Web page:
The second authentication factor is through something that only the legitimate user should have, such as a smart card, a security token, or a device with an authentication app on it. These are called ownership factors.

The third authentication factor is through something that only the legitimate user is or does. These include things like your face scan, fingerprint or your voice print. These are known as inherence factors.

It’s best to combine at least two of these authentication factors together. On its own, it may not be too hard for an attacker to either figure out someone’s password or steal their smartcard, but getting their hands on both is a much more difficult challenge.

So, when you go to sign on to your account, you will enter an identifier like your username, and provide one or more means of authentication, such as your password and the number in your authenticator app.

The system that you are trying to log in to will search its database for the username, and if it finds one, it will verify whether the authentication you provided matches its records. If they match, the system will authenticate you, which basically means that the system acknowledges that yes, you are “user1”.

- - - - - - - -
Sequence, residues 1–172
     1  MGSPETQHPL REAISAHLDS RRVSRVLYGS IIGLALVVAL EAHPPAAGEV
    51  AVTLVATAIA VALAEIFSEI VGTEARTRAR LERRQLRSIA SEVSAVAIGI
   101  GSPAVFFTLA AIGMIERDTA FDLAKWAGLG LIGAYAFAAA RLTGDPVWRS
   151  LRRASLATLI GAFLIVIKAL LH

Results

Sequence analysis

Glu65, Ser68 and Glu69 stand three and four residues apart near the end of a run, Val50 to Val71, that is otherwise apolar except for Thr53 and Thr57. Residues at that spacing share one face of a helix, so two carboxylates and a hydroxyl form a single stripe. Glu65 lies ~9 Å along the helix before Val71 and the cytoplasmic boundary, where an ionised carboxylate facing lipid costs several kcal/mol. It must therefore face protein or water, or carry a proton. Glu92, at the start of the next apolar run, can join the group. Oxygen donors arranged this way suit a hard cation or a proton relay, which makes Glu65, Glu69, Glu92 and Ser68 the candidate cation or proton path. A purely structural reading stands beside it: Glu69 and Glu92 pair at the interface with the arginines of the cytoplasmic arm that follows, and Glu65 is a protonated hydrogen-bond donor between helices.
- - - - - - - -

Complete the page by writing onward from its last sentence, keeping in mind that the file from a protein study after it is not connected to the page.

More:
Once you’ve been authenticated, are you free to do what you want? Not quite. There’s still a little thing called authorization to contend with.

In most cases, we don’t want to have a security system where once someone has authenticated themselves, they then get free access to all of the systems and resources. This would introduce huge security risks, because all it would take to cause immense damage to the business is for an employee to go rogue, or for an attacker to compromise a single account.

Instead, you want to follow the principle of least privilege, and only give users access to the things that they really need. To handle this, we need authorization. Essentially, the system just keeps a record of what each user is allowed to access. When an authenticated user requests access to a resource, the system just checks the records. If the user is authorized, the system will grant them access. If not, it will deny them.